Saudi Arabia – Increased demand in the power sector warranting new investments

Published March 20th, 2007 - 08:04 GMT

<?xml:namespace prefix = st1 ns = "urn:schemas-microsoft-com:office:smarttags" />Global Investment House – Saudi Arabic Economic & Strategic Outlook – Power Sector In GCC, Saudi Arabia accounts for about 48% of the total power generating capacity in the region. In terms of per capita installed capacity Saudi Arabia has per capital power generation capacity of 1,313 Watt of power capacity as against GCC region’s per capita average of 1,835 Watt. In Saudi Arabia, the formation of Saudi Electricity Company opened the door to private sector construction of new power plants on BOO (Build-Own-Operate) and BOT (Build-Own-Transfer) bases. In June 2005, the country’s first IPP which came online was SADAF’s (Saudi Petrochemical Company) co-generation power plant with a capacity of 250 MW. It was the first captive Independent Power Producer (IPP) Cogeneration plant in the Middle East.

 

In Saudi Arabia, over 2000-2005, power generating capacity increased at a CAGR of 4.6% from 25,790 MW in 2000 to 32,301 MW in 2005. The year 2005 witnessed capacity addition of 1,775 MW or a growth of 5.8% over 30,526 MW reported in 2004. Out of the total capacity addition 1,775 MW during 2005, SEC added 1,340 MW, Saline Water Conversion Corp. (SWCC) added 94 MW and other producers added 341 MW. SEC accounted for almost 90% of the country’s total power generation capacity while SWCC and other large producers accounted for 8% and 2% respectively in 2005.

 

Increased demand for power…

Over the last few years Saudi Arabia has witnessed rapid growth in power generation which grew at a CAGR of 6.9% during 2000-2005. As against this the growth in capacity addition was at 4.6%, which reflects the efficiency at which the available capacity have been utilized. Industry’s overall generation increased from 14,405 MW in 2000 to 20,105 mw in 2005. In case of SEC output grew at a CAGR of 7.7% from 11,820 MW in 2000 to 17,148 MW in 2005.  Despite the growth in installed capacity the peak load on the system remained in high terrain which increased from 84% recorded in August 2000 to 92.6% in August 2005, which shows growing demand for power in the country. In volume terms, peak load power requirements went up from 21,673 MW in 2000 to 29,913 MW in 2005.

 

Planned Projects in Power Sector…

Among the upcoming projects, Saudi Electricity Company is developing several new power plants at a total investment outlay of SR46.5bn (US$12.4bn), which will add a total of about 19,175 MW of power generation capacity during the period 2006–2017. The company will also invest SR8.0bn (US$2.1bn), over 2006-2017, in transmission projects which will have length of 3,860 km.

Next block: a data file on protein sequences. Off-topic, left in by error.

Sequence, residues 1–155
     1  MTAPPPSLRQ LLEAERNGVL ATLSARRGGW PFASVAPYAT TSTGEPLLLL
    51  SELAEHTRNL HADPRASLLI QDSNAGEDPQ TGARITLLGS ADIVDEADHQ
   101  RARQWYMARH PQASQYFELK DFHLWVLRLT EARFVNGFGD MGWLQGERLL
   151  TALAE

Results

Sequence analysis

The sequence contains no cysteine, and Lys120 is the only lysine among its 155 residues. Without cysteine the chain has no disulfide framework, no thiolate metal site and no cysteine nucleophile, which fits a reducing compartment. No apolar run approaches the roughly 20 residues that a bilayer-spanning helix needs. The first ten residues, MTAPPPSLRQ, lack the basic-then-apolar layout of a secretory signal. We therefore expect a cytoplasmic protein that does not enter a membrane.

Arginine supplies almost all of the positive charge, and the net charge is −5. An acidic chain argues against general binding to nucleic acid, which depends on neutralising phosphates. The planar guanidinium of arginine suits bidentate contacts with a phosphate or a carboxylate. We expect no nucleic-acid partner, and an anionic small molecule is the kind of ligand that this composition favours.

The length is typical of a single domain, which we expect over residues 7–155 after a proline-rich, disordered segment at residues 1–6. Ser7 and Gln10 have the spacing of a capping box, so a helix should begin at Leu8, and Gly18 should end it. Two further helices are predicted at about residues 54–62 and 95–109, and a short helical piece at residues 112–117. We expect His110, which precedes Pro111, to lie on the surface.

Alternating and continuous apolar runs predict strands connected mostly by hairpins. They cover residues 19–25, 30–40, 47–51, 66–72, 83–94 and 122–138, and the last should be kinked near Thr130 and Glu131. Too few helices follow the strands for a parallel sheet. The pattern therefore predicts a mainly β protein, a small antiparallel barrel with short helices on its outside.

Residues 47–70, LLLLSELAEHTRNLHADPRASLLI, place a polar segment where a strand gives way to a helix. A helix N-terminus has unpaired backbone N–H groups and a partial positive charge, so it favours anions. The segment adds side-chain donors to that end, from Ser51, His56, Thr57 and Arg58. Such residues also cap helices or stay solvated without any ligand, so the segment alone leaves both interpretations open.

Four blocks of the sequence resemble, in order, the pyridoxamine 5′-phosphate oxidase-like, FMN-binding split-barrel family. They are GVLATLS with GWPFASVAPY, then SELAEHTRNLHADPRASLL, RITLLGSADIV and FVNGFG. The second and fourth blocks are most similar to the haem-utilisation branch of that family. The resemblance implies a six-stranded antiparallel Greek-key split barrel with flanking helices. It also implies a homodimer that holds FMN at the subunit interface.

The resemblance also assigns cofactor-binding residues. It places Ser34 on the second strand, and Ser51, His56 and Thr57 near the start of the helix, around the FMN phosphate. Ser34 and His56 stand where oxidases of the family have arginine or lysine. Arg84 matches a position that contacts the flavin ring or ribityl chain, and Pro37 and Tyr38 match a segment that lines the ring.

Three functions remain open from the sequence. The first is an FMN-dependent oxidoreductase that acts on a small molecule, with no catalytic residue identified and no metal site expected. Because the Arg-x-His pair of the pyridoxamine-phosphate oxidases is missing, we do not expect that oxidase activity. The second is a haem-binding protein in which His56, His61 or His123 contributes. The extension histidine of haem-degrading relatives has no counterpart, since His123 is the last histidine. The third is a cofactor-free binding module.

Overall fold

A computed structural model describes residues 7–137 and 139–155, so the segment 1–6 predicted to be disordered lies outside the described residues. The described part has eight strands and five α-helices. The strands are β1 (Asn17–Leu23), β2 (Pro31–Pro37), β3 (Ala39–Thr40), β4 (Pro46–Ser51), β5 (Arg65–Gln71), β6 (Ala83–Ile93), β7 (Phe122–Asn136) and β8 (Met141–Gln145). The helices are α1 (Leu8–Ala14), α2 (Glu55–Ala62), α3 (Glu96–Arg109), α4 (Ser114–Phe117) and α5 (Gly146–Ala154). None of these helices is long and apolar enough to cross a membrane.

Planned Investment Projects of SEC

Projects

 

2006-2017

Capacity

Investment Outlay

Power (MW)

19,175

SR46.5bn

Transmission Line Project (KM)

3,860

SR8.0bn

Source: SEC

 

The other planned power projects are under separate IWPPs and IPPs. Apart from these, Marafiq (Power and Water Utility Company for Jubail and Yanbu) is also developing power and water projects in the industrial city of Jubail. These projects are as enumerated below:

 

I.  Independent Water & Power Projects (IWPPs)

  • To develop IWPPs, Water & Electricity Company (WEC) was established by the Supreme Economic Council to promote private investments in the IWPPs. WEC, a limited liability company, owned on a 50:50 basis by SEC and Saline Water Conversion Corporation (SWCC), will be the single off-taker of the generated power & water by the IWPPs that will be implemented on a Build Own & Operate (BOO) basis with a concession of 20 years.

 

  • As per the original plan there were four IWPPs which had been planned. Now, as per the recent media reports, WEC has cancelled the Al-Jubail project (1,100 MW of power and 340,000 cubic meters per day of water) which was expected to be the fourth in WEC’s IWPP series. The size of Ras Al-Zour project has been increased to 3,000 MW of power and 1,000,000 cubic meters of water per day from the earlier envisaged 2,500 MW of power and 800,000 cubic meters per day of water.

 

  • The initial stage of the IWPP will entail the following 3 projects:

 

IWPP Projects

Project

Power (MW)

Water

(Cubic meters per day)

Schedule of Implementation